Annotate this Case
Download PDF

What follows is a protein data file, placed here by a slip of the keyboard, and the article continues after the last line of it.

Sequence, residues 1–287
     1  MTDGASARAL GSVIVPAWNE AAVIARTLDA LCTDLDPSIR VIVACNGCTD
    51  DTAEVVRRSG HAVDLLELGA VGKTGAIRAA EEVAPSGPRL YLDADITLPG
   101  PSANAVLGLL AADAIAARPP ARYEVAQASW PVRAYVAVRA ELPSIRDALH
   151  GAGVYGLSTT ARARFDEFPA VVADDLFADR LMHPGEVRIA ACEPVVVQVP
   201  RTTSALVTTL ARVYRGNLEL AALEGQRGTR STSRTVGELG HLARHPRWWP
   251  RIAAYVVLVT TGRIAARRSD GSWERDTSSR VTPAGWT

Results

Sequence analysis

NOTICE: NOT FOR OFFICIAL PUBLICATION. UNDER ARIZONA RULE OF THE SUPREME COURT 111(c), THIS DECISION IS NOT PRECEDENTIAL AND MAY BE CITED ONLY AS AUTHORIZED BY RULE. IN THE ARIZONA COURT OF APPEALS DIVISION ONE In re the Marriage of: MICHELE BUTLER, Petitioner/Appellant/Cross-Appellee, v. THOMAS BUTLER, Respondent/Appellee/Cross-Appellant. Nos. 1 CA-CV 16-0442 FC 1 CA-CV 17-0479 FC (Consolidated) FILED 10-30-2018 Appeal from the Superior Court in Mohave County No. L8015DO201107266 The Honorable Doug R. Camacho, Judge Pro Tempore AFFIRMED IN PART; VACATED IN PART; REMANDED COUNSEL Mandel Young PLC, Phoenix By Taylor C. Young Counsel for Petitioner/Appellant/Cross-Appellee Law Offices of Heather C. Wellborn, P.C., Lake Havasu City By Heather C. Wellborn Counsel for Respondent/Appellee/Cross-Appellant BUTLER v. BUTLER Decision of the Court MEMORANDUM DECISION Judge Lawrence F. Winthrop delivered the decision of the Court, in which Presiding Judge Jennifer M. Perkins and Chief Judge Samuel A. Thumma joined. W I N T H R O P, Judge: ¶1 Michele Butler (“Wife”) appeals the family court’s June 2016 dissolution decree, arguing the court abused its discretion in (1) awarding spousal maintenance to Thomas Butler (“Husband”), (2) finding that Arizona Emergency Medical Specialists (“AEMS”) and M.P. Butler, D.O., P.L.L.C. (“MP Butler”) were separate businesses for valuation purposes, and (3) failing to credit Wife for expenses paid on the home awarded her (“the Remuda home”). Husband cross-appeals, arguing the court erred in (1) not considering the possibility Wife might short sell the Remuda home, and (2) failing to address the community interest in excess distributions above reasonable compensation regarding AEMS and MP Butler. For the following reasons, we vacate the award of spousal maintenance and remand for reconsideration of that issue, but otherwise affirm. FACTS AND PROCEDURAL HISTORY ¶2 In 1994, the parties married in Colorado. By that time, each had a college degree and was employed. While married, they had two children—a son born in February 1998, and a daughter born in February 2004. Between 1995 and 1999, the family lived in Iowa, where Wife attended medical school. After she graduated, the family moved to Michigan, where Wife completed her residency in emergency medicine. In 2003, they moved to Lake Havasu, Arizona, where Wife began working as an emergency room physician. ¶3 While Wife was in medical school, she took out loans and worked part-time, and Husband worked various jobs. When Wife began her residency, Husband decided to stay at home to care for their son, while working part-time from home selling mortgages, which he continued to do after the family moved to Arizona. ¶4 The family moved to Phoenix in 2005, and then back to Lake Havasu in 2006 after Wife received the opportunity to join AEMS, 2 BUTLER v. BUTLER Decision of the Court eventually as a partner/shareholder. Wife was to be paid as an independent contractor, and she formed MP Butler as a tax strategy. Wife also became part-owner of Large Bore Investment Group, L.L.C. (“Large Bore”), an entity formed in 2007 that held real property and depreciating fixed assets but had little or no ordinary income. Meanwhile, Husband briefly became a partner in a Taekwondo studio. ¶5 In 2009, after the real estate market crashed, the family purchased two homes in Lake Havasu (“the Lakeland home” and “the Holly home”) as investment properties free and clear: the purchase price for the Lakeland home was $56,900, and the purchase price for the Holly home was $35,000. The parties’ plan was for Husband to renovate the properties and either sell them or maintain them as rental properties, although at the time of the decree, the properties continued to be held and were not occupied. ¶6 In August 2011, Wife petitioned for dissolution of the parties’ marriage. At around the same time, the parties evenly divided the money in their bank accounts, with each receiving approximately $60,000. Wife moved out of the family’s primary residence (“the Oakwood home”) in September 2011, taking very little with her, while Husband continued to live in the Oakwood home. Temporary orders awarded the parties joint legal and physical custody of the two minor children, and they exercised substantially equal parenting time. ¶7 Over the next year, Wife voluntarily paid Husband $50,000 in spousal support and paid all community expenses, including the mortgage and expenses for the Oakwood home. Based on evidence provided, in August 2012, the family court (Judge Richard Weiss) entered temporary orders requiring Wife to pay Husband $6,000 per month in spousal maintenance and $1,000 per month in child support, and to continue paying all community expenses, except those related to the Oakwood home. Wife made those court-ordered payments. Thus, for the nearly five years that elapsed between the time Husband was served with the petition for dissolution (on August 4, 2011) and the decree was entered (on June 14, 2016), Wife paid Husband a total of $314,000 in spousal maintenance. ¶8 Meanwhile, between August 2011 and October 2014, Husband did not seek or obtain gainful employment and used spousal maintenance to cover his expenses. Between August 2012 and January 2014, Husband was enrolled in school, earning a Master’s in Business Administration (“MBA”). Ten months later—in October 2014—he obtained 3 BUTLER v. BUTLER Decision of the Court a job working at a bank, where, at the time of trial, he was earning $11.54 per hour, or approximately $24,000 per year. ¶9 Trial, which began in November 2015, included seven days of testimony and argument, ending in April 2016. ¶10 On June 14, 2016, the court entered a fifty-five-page dissolution decree. By that time, the parties’ son had reached the age of eighteen, leaving only the daughter as a minor child. The decree awarded the parties joint legal decision-making authority and ordered that Wife pay Husband $580 per month for child support. The decree also ordered Wife to pay Husband $8,000 per month in spousal maintenance until May 31, 2022. ¶11 In dividing the parties’ assets, the decree concluded that almost everything owned by the parties, except a $165 fish finder, was a community asset. Husband received the Lakeland, Holly, and Oakwood homes, which valued at $115,000, $50,000, and $38,541.74 ($265,000 less a mortgage balance of $226,458.26), respectively. Husband also received community vehicles and boats valued at $64,515, bank accounts worth $291,477.81, and personal property valued at $13,618. The total value of community assets and property awarded Husband, after subtraction of the Oakwood home’s mortgage, was $573,152.55. This amount was in addition to the $60,000 in cash he received upon the parties’ separation and the $314,000 Wife had paid in voluntary and court-ordered spousal maintenance pending the divorce. ¶12 Wife received the parties’ home in Peoria (the Remuda home), which had negative equity of -$251,486.56 (a $260,000 valuation less two outstanding mortgages totaling $511,486.56). Wife also received a community vehicle and two wave runners valued at $11,880, bank accounts worth $38,442.78, and personal property valued at $350. ¶13 The family court agreed with Husband’s business valuation expert, Lynton Kotzin, that AEMS, MP Butler, and Large Bore should be valued as separate community businesses and valued the community interest in each at $545,000, $468,162, and $100,691 respectively, all as of December 31, 2011.1 Ostensibly because Husband had received most of the In valuing the parties’ assets and debts, the court primarily used a valuation date of August 4, 2011—the date Husband was served with the dissolution petition—but used this somewhat different date for these assets 1 4 BUTLER v. BUTLER Decision of the Court other property, the decree awarded Wife the community’s interest in these businesses. The decree also ordered Wife to pay her remaining student loan debt of $133,997.70, and credited Wife for some of the community expenses she paid during pendency of the petition. The decree also ordered that Wife pay Husband’s attorneys’ fees and costs in the amount of $40,000, in addition to $7,500 in attorneys’ fees the court had previously ordered Wife to pay. ¶14 Wife filed a timely appeal, and Husband cross-appealed. We have jurisdiction pursuant to Arizona Revised Statutes (“A.R.S.”) section 12-2101(A)(1), (2), and 5(a). ANALYSIS ¶15 Wife raises three issues on appeal, and Husband raises two issues on cross-appeal. Although Husband provides many citations to the record, he fails to provide record support for numerous factual assertions on which he relies for his arguments, despite the requirement of our appellate rules that he do so. See ARCAP 13(a)(7)(A)-(B). Even though Husband’s failure to properly cite the record may constitute waiver as to the issues addressed in his brief, see Delmastro & Eells v. Taco Bell Corp., 228 Ariz. 134, 137 n.2, ¶ 7 (App. 2011), we will consider the merits but rely on our own examination of the record. I. General Standards of Review ¶16 Unless demonstrated otherwise by clear and convincing evidence, property acquired during marriage is usually presumed to be community property. See A.R.S. § 25–211(A) (providing that, with certain exceptions, “[a]ll property acquired by either husband or wife during the marriage is the community property of the husband and wife”); Cockrill v. Cockrill, 124 Ariz. 50, 52 (1979). In general, a court shall divide community property equitably, although not necessarily in kind. A.R.S. § 25-318(A). When dividing property, a court may also consider all related debts and obligations. A.R.S. § 25-318(B). As a general presumption, equitable division requires that community property be divided substantially equally. See Toth v. Toth, 190 Ariz. 218, 221 (1997). ¶17 We view the facts and reasonable inferences in the light most favorable to sustaining the family court’s rulings and will affirm if given the evidence presented by the parties at trial. See Sample v. Sample, 152 Ariz. 239, 242-43 (App. 1986) (holding that the selection of a valuation date rests within the wide discretion of the family court). 5 BUTLER v. BUTLER Decision of the Court reasonable evidence supports the court’s decisions. See Mitchell v. Mitchell, 152 Ariz. 317, 323 (1987); Thomas v. Thomas, 142 Ariz. 386, 390 (App. 1984). Although we defer to the court’s factual findings unless clearly erroneous, Schickner v. Schnicker, 237 Ariz. 194, 197, ¶ 13 (App. 2015) (citing City of Tucson v. Clear Channel Outdoor, Inc., 218 Ariz. 172, 189, ¶ 58 (App. 2008)), we are not bound by its conclusions of law, Alley v. Stevens, 209 Ariz. 426, 428, ¶ 6 (App. 2004). “A factual finding is clearly erroneous if no substantial evidence supports it.” Schickner, 237 Ariz. at 197-98, ¶ 13 (quoting City of Tucson, 218 Ariz. at 189, ¶ 58). II. Wife’s Appeal A. Spousal Maintenance ¶18 Wife argues the decree erred in awarding spousal maintenance to Husband. ¶19 We review an award of spousal maintenance for an abuse of discretion. Helland v. Helland, 236 Ariz. 197, 202, ¶ 22 (App. 2014). In our review, we accept the family court’s factual findings unless they are clearly erroneous or unsupported by credible evidence. Federoff v. Pioneer Title & Trust Co. of Ariz., 166 Ariz. 383, 388 (1990). ¶20 The determination of spousal maintenance is controlled by A.R.S. § 25-319. Before awarding spousal maintenance, the family court must first consider whether a spouse meets the statutory requirements for maintenance set out in A.R.S. § 25-319(A). Gutierrez v. Gutierrez, 193 Ariz. 343, 348, ¶ 15 (App. 1998). If any of the factors in § 25-319(A) is present, the court may award spousal maintenance. Cullum v. Cullum, 215 Ariz. 352, 354, ¶ 11 (App. 2007). ¶21 The court must next consider the statutory factors of § 25319(B). In determining the amount and duration of spousal maintenance, the court must consider the receiving spouse’s ability to earn income in light of some reasonable approximation of the standard of living established during the marriage. Thomas, 142 Ariz. at 391. At the same time, the court should aim “to achieve independence for both parties and to require an effort toward independence by the party requesting maintenance.” Schroeder v. Schroeder, 161 Ariz. 316, 321 (1989); see also Rainwater v. Rainwater, 177 Ariz. 500, 503 (App. 1993) (“[M]aintenance orders, whenever possible, should promote a transition toward financial independence.”). ¶22 Wife argues the decree is clearly erroneous and constitutes an abuse of discretion by awarding $8,000 per month in spousal maintenance 6 BUTLER v. BUTLER Decision of the Court for almost six more years (approximately $560,000) after she had already paid $314,000 in voluntary and court-ordered spousal maintenance for approximately five years pending the dissolution decree. See generally Roden v. Roden, 190 Ariz. 407, 411 (App. 1997) (stating that the trial court correctly considered the “over $100,000 in temporary support” received by the wife during pendency of the dissolution petition as a reason to deny spousal maintenance), superseded in part by statute on other grounds as recognized in Myrick v. Maloney, 235 Ariz. 491, 494, ¶ 8 (App. 2014). Wife does not dispute that Husband contributed to her educational opportunities and that, under § 25-319(A), the family court had discretion to award Husband some spousal maintenance for this reason alone. See A.R.S. § 25-319(A)(3). Nonetheless, she argues that the stated purpose for spousal maintenance—achieving independence—had been achieved once Husband received his MBA and had sufficient time to establish greater earning potential. ¶23 In awarding spousal maintenance to Husband, the family court found Husband had been “allocated a sufficient amount of property in this decree that he has sufficient property to provide for his reasonable needs for several years because the community estate is relatively sizeable.” The court also recognized that, pending the divorce, Husband had received his MBA, and he had approximately two-and-a-half years both before and after receiving the degree to find a job, leading the court to conclude that Husband’s “income potential with an MBA is significantly higher than he is earning,” that Husband “could find a local job that paid better than his current job,” and that Husband “has adequate earning ability in the labor market that would allow him to be self-sufficient.” Although the court also correctly found the parties’ standard of living had grown significantly during the latter years of their marriage, and Wife’s demonstrated earning ability was significantly greater than Husband’s, the court additionally found that, “with the division of community assets, [Husband] is currently able to meet his own needs independently.” Husband acknowledges the court found he “was fully capable of supporting his own independence.” ¶24 After reviewing the record, the analysis of the factors in § 25319, and the parties’ arguments, we conclude Wife has shown the decree clearly erred in not only awarding Husband spousal maintenance for an additional six years, but also at the same time substantially increasing the amount of spousal maintenance. In ordering the award, the decree found that “[t]he time until May 31, 2022 will allow [Husband] the time that he needs to gain sufficient experience to improve his earning potential, and to secure improved employment.” The decree does not explain the basis for this finding, except to state that “[i]t will also be the time when [the parties’ 7 BUTLER v. BUTLER Decision of the Court daughter] will have emancipated.” Wife argues the record provides no basis for this time frame, and we agree. The record presented simply does not support the need for an additional six years of spousal support. Further, the decree does not explain at all the need for increasing the amount of spousal support previously awarded Husband through temporary orders. ¶25 Husband provides no record support for the decree’s finding and no cogent argument in support of it. Instead, Husband focuses largely on his belief that Wife “had the ability to pay” him an even larger amount of spousal maintenance for a longer period of time; that, in 1999, the parties agreed Husband “would then become a stay-at-home dad” with their child who is now an adult; and that the decree did not award Husband “sufficient property to meet his own needs independently.” These arguments, however, are not based on the statutory language of A.R.S. § 25-319(B) as written. Nor do they address, in any meaningful way, Husband’s earning ability after completing his MBA or his financial resources, including the more than $570,000 awarded him in the decree, above and beyond the nearly $375,000 he received pending the divorce. ¶26 By the time of the dissolution decree, Husband had approximately five years to obtain his MBA degree and then find work commensurate with his education and experience. Affording Husband some additional time to further establish himself—as he has now had to date since the decree—arguably might have been supportable on this record and would certainly have adequately addressed Husband’s needs, given Husband’s previous work experience and the decree’s findings that Husband is fully capable of supporting himself and has sufficient property to provide for his needs independently. In this case, however, the decree ordered an additional six years—for a total of eleven years—of spousal maintenance with no supportable justification. Husband’s calculated decision to effectively “under-employ” himself pending (and potentially after) the divorce is a burden that should not continue to be borne by Wife. Cf. Thomas, 142 Ariz. at 391 (recognizing that a spouse is not to be forced by the judgment of the trial court into seeking any employment, but must seek “appropriate” employment). Moreover, the decree also should have considered the income-earning capabilities of the Lakeland and Holly homes, both of which were awarded to Husband. See Cullum, 215 Ariz. at 355, ¶ 13 (recognizing a court should consider the income potential of property received by a spouse seeking maintenance (citing Deatherage v. Deatherage, 140 Ariz. 317, 321 (App. 1984))); Kelsey v. Kelsey, 186 Ariz. 49, 53 (App. 1996) (recognizing the income-producing potential of property 8 BUTLER v. BUTLER Decision of the Court awarded a spouse “is a ‘financial resource’ to be considered pursuant to A.R.S. § 25-319(B)(9)” (citing Rainwater, 177 Ariz. at 502)). ¶27 Coupled with the significant property received by Husband in the dissolution decree, the spousal support received from Wife during pendency of the petition enabled Husband to earn his MBA, establish a career, and become financially self-sufficient and independent. The decree’s award of an additional six years’ worth of increased spousal maintenance is clearly erroneous, is not supported by its findings, and cannot stand. Accordingly, we vacate the award of spousal maintenance and remand for the family court to reconsider spousal maintenance in light of the decree’s findings, the apparent lack of record support for increased maintenance, and the goal of spousal maintenance—achieving independence for both parties while requiring an effort toward independence by the party requesting maintenance. See Schroeder, 161 Ariz. at 321.2 B. Business Valuation ¶28 Wife also argues the court abused its discretion in finding that AEMS and MP Butler were separate businesses for valuation purposes. Wife does not dispute that AEMS is her business and should be valued, but she maintains MP Butler is merely a bank account, or holding company, that receives the income she earns for her work with AEMS and pays out taxes. As support for her argument, Wife notes MP Butler has no assets, office, or supplies and derives its income from AEMS. ¶29 In concluding that MP Butler should be valued separately from AEMS, the court reasoned as follows: [Wife] argues that MP Butler is simply a bank account used for tax purposes where wages are simply passed through from AEMS to [Wife]. Technically this is not correct. [Wife]’s wages from AEMS were reported as such in her 2011 tax return, and were separate from partnership income [Wife] received from AEMS. It is also clear that the income used in Our resolution of this issue also addresses Wife’s apparent but largely undeveloped “double-dipping” argument regarding spousal maintenance that she intertwines with the business valuation argument she presents in the next section of her opening brief. 2 9 BUTLER v. BUTLER Decision of the Court MP Butler’s tax returns did not involve the business income that was paid to [Wife] from AEMS because that income was declared on [Wife]’s personal taxes for 2011. [Wife] testified that MP Butler receives income from Tizon, AEMS and KEA.[3] The Court concludes that all income that MP Butler received in 2011 was from 1099s. In the parties’ 2012 income tax return, [Wife]’s basis in (or cost paid into) MP Butler, PLLC was $81,287. The Court concludes it is proper to provide a value to MP Butler because it generates income like any other business. If it were not incorporated, [Wife] would have a sole proprietorship that would still have a value. For this reason, the Court concludes that it would have needed to value the business even if [Wife] had not incorporated MP Butler. (Internal record citations omitted.) ¶30 The extensive testimony of Husband’s business evaluation expert, Lynton Kotzin, supports the court’s conclusion. Kotzin testified that “each company gets valued on a stand-alone basis based on its underlying profitability, cash flow, and risk profile . . . , [and] the value of those two entities [AEMS and MP Butler] is essentially . . . independent.” Kotzin further explained that, in valuing both AEMS and MP Butler, he “made sure that we weren’t . . . double counting.” The record makes clear that AEMS and MP Butler are two distinct legal entities and that each has independent value. The family court did not abuse its discretion in separately valuing AEMS and MP Butler. C. Credits for Payments on the Remuda Home ¶31 Wife also argues the family court abused its discretion in failing to provide her with an offset credit for payments she made to service the mortgage and for other expenses on the Remuda home. She maintains the loans on the Remuda home were “interest-only,” and the court erred in concluding that, “since [Wife] is being awarded the Remuda house, any expenses [she] paid for the mortgages or to upkeep the house simply reduced the upside[-]down equity in the property.” Wife argues, “As a AEMS is a parent company of Tizon Emergency Associates, P.L.L.C. and Kingman Emergency Associates, P.L.L.C. 3 10 BUTLER v. BUTLER Decision of the Court matter of law (to say nothing of math) Wife’s interest only payments neither increased nor decreased the equity in the Remuda property.” ¶32 Wife provides no authority for her argument, which is based on semantics. In commenting on the payments, the family court simply and correctly recognized that any failure to keep up the home would reduce its value, and the failure to make payments on the mortgages would have additional negative financial consequences. Moreover, as the court noted, Wife’s documentation contained inaccuracies, and the court found that much of the supporting documentation she provided was “illegible.” The record supports these conclusions and, for this reason alone, the court did not abuse its discretion in failing to credit Wife for payments she made on the Remuda home. Finally, although not argued by Husband, it appears the court similarly did not provide an offset credit to Husband for any payments he made to the Oakwood home, which he ultimately received. III. Husband’s Cross-Appeal A. Orders Regarding the Remuda Home ¶33 On cross-appeal, Husband argues the family court erred in not considering the possibility that Wife might short sell the Remuda home, and in subsequently authorizing the Clerk of the Court to sign any deeds necessary to transfer the Remuda home to Wife. ¶34 As part of the dissolution decree, the court expressly acknowledged the negative equity in the Remuda home and ordered Wife to either refinance the loans on the home to remove Husband’s name from them within one year of the date of the decree, or to sell the home. The court also noted its awareness of Wife’s testimony that, “because of the [home’s] upside[-]down equity, no one is willing to refinance the house.” ¶35 Because the mortgages for the Remuda home were in both parties’ names, Wife contacted Husband to obtain his assistance to comply with the court’s order, but the parties were unable to reach a resolution. Husband filed a petition to enforce the decree, and Wife eventually moved for a court order to allow her to comply with the terms of the decree. On June 14, 2017, the court held a hearing on the issue, and ordered that the Clerk of the Court could sign any deed necessary to transfer real property into the name of the spouse awarded it. Accordingly, the court’s order allowed the deed to the Remuda home to be in Wife’s name only, and the court left in place its previous order that Wife either refinance or sell the home. 11 BUTLER v. BUTLER Decision of the Court ¶36 Husband argues the court’s order negatively impacts his credit and may allow Wife to be unjustly enriched. He provides no offer of proof or citation to the record to support either claim, however, and his argument is largely undeveloped, with no supporting legal citation. We also have found no legal authority supporting Husband’s argument, and as the family court clearly recognized, its order was in furtherance of and did not modify the decree. See Elizabeth W. v. Georgini, 230 Ariz. 527, 529, ¶ 8 (App. 2012) (recognizing that a trial court retains the inherent power to ensure its orders are followed); see also Fenton v. Howard, 118 Ariz. 119, 121 (1978) (“Every court has inherent power to do those things which are necessary for the efficient exercise of its jurisdiction.” (citation omitted)). It was within the family court’s authority to divide the community property equitably, see A.R.S. § 25-318(A), and on this record, Husband has demonstrated no abuse of discretion. B. Community’s Interest in Excess Contributions/Distributions ¶37 Citing Schickner, Husband argues the family court erred in failing to address any community interest in excess distributions above Wife’s reasonable compensation regarding AEMS and MP Butler. See 237 Ariz. at 199-201, ¶¶ 21-30. Husband’s argument in effect is that the distributions of those community businesses exceeded Wife’s reasonable compensation and therefore necessarily included passive income; Wife failed to show by clear and convincing evidence that all post-petition distributions from AEMS and MP Butler were the result of Wife’s toil and labor, and thus her sole and separate property; and the court therefore should have awarded him one-half of any excess distributions. ¶38 Husband waived this issue. During trial, Wife objected that Husband had not disclosed this specific issue in any Pretrial Statement. Further, Husband did not raise this issue in his motion for new trial. As a general rule, a party cannot argue on appeal legal issues not properly raised with the trial court. Cullum, 215 Ariz. at 355 n.5, ¶ 14 (citing McDowell Mountain Ranch Land Coal. v. Vizcaino, 190 Ariz. 1, 5 (1997)). ¶39 Even assuming Husband did not waive this issue, however, his reliance on Schickner is unavailing. In Schickner, it was undisputed that, “even if Husband did not work for the [community] businesses, he nonetheless would have been entitled to claim whatever profits or losses were generated by [those businesses].” 237 Ariz. at 200, ¶ 29. Here, however, Wife presented evidence from which the family court could have concluded that she does not have a contractually set base salary, and that all post-service distributions she received for her professional services were 12 BUTLER v. BUTLER Decision of the Court the result of her individual toil and labor and constituted reasonable compensation for such. The family court acted within its discretion when it made no division of Wife’s post-service income and profits. ¶40 Moreover, the record makes clear the family court was aware of the Schickner case. Husband’s expert, Kotzin, testified that, in valuing the community businesses, he used an “excess earnings methodology under the income approach,” and he went on to explain that in Schickner, this court had remanded the case “for determination of what the distributions in excess of reasonable compensation were from the date of service through the date of decree.” Kotzin also testified regarding distributions that purportedly exceeded reasonable compensation. We presume the court fully considered the evidence in light of Schickner, even though that decision is not specifically mentioned in the decree. See Fuentes v. Fuentes, 209 Ariz. 51, 55-56, ¶ 18 (App. 2004) (“[T]he foregoing evidence is presumed to have been fully considered by the court prior to issuing its decision.” (citing Able Distrib. Co. v. James Lampe, Gen. Contractor, 160 Ariz. 399, 409 (App. 1989))). IV. Costs and Attorneys’ Fees on Appeal ¶41 Both parties request costs and attorneys’ fees on appeal pursuant to A.R.S. § 25-324(A). Although Wife has greater demonstrated earning capability, both sides have considerable financial resources, and neither side has demonstrated unreasonableness on appeal. Accordingly, in the exercise of our discretion, we deny both parties’ requests for attorneys’ fees. As the more successful party on appeal, Wife is awarded her taxable costs, subject to compliance with Rule 21, ARCAP. CONCLUSION ¶42 We vacate the award of spousal maintenance and remand for reconsideration of that issue, but otherwise affirm the family court’s dissolution decree. AMY M. WOOD • Clerk of the Court FILED: AA 13